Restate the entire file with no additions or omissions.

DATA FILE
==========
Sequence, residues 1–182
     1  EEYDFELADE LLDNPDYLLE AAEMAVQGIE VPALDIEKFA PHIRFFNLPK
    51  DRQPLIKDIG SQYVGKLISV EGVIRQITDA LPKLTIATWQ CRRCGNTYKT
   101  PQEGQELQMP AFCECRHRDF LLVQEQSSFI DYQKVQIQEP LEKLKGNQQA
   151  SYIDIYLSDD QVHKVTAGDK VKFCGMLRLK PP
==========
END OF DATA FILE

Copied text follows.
Sequence, residues 1–182
     1  EEYDFELADE LLDNPDYLLE AAEMAVQGIE VPALDIEKFA PHIRFFNLPK
    51  DRQPLIKDIG SQYVGKLISV EGVIRQITDA LPKLTIATWQ CRRCGNTYKT
   101  PQEGQELQMP AFCECRHRDF LLVQEQSSFI DYQKVQIQEP LEKLKGNQQA
   151  SYIDIYLSDD QVHKVTAGDK VKFCGMLRLK PP